She’s a little goofy, a deer who likes to zig when everyone else is zagging, convention be damned.  Fortunately her family –  big sister Doe #28 (aka Maliki) and kid sister Doe #42 – love her just the way she is, and why wouldn’t they?  She’s as adorable when she shows up late for dinner, inexplicably covered in mud, as she is when she’s making funny faces for the field cameras.  Nine years of age as of the most recent update of this post (Summer 2023),  Pippy lives life to the beat of her own drummer in Edgewood Grove, Rawson Woods, and the surrounding yards.

Pippy and her family lost their mother, Doe #29, in 2022. Since then, big sister Maliki has stepped in as family matriarch. 

Adopted and Named By: Kim & Mark Nagelhout

Named in honor of:  Pippy, a very special fawn in NJ.  Kim, a wildlife rehabilitator, tells Pippy the fawn’s story and explains their special bond:

“Pippy was a fawn that forever changed and impacted my life. Working with deer is extremely rewarding and provides an up close and personal look into their world. It can also be challenging and heartbreaking, but so worth it. Pippy had it rough from the start. In 2020, animal control found her lying on the side of a roadway next to her deceased mother and twin. Later that day, I received a call to go and pick her up. At the first glance of her, I noticed that her eyes were still closed. After some time, they did open on their own and I was the first mother she saw. She was probably thinking, “what are you and where is my mom?” Pippy taught me how to overcome my fears and turn them into action. While in care I discovered that she had fly eggs that had hatched in one of her ears. Maggots are my worst nightmare. But after some time and treatment they were gone. We spent that fourth of July together, as she hid from the noise in a large crate. While in my care I got to watch her grow stronger, healthy and thrive. The next step was for her to join the other fawns in care. I always wanted what was best for her. It’s vital for her to be with her own species with limited human interaction. Sometimes fawns don’t do well or don’t adapt to life in the wildlife rehabilitation setting. From time to time, I would visit to clean out stalls and enclosures, but kept my distance. Over the next couple weeks, she started to decline. I received a call to come back and help her. I drove to pick her up and take her back to the home she really knew. Later that day, my heart broke into a million pieces as she passed away in my arms. We will forever share a bond, like soulmates. I wanted to honor her short life by adopting this beautiful doe. Her eyes reminded me of Pippy. Bright eyes! A special thank you to the Clifton Deer team. Thank you for advancing this nonlethal program and for your dedication and hard work. – Kim”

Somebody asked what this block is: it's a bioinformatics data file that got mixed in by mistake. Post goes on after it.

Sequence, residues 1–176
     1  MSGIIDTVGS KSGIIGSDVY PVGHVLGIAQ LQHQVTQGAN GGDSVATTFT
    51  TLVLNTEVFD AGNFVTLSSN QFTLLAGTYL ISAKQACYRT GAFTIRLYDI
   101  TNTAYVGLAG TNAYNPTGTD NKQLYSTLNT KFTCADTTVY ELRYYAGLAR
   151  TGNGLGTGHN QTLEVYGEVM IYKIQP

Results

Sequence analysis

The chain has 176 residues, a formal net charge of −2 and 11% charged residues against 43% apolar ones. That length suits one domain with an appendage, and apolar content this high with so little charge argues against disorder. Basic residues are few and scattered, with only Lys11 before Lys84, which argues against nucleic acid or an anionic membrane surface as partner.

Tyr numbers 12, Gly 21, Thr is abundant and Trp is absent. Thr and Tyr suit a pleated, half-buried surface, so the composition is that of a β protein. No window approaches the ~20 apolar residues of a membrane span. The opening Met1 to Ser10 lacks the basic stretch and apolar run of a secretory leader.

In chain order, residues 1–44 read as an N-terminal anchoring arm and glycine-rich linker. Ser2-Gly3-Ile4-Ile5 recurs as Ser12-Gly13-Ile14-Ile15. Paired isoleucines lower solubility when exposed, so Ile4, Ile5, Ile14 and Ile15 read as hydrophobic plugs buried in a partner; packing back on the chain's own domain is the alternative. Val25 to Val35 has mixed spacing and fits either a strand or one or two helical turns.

Sponsored by: Pippy is still looking for sponsors!  If you are interested, please let us know.  

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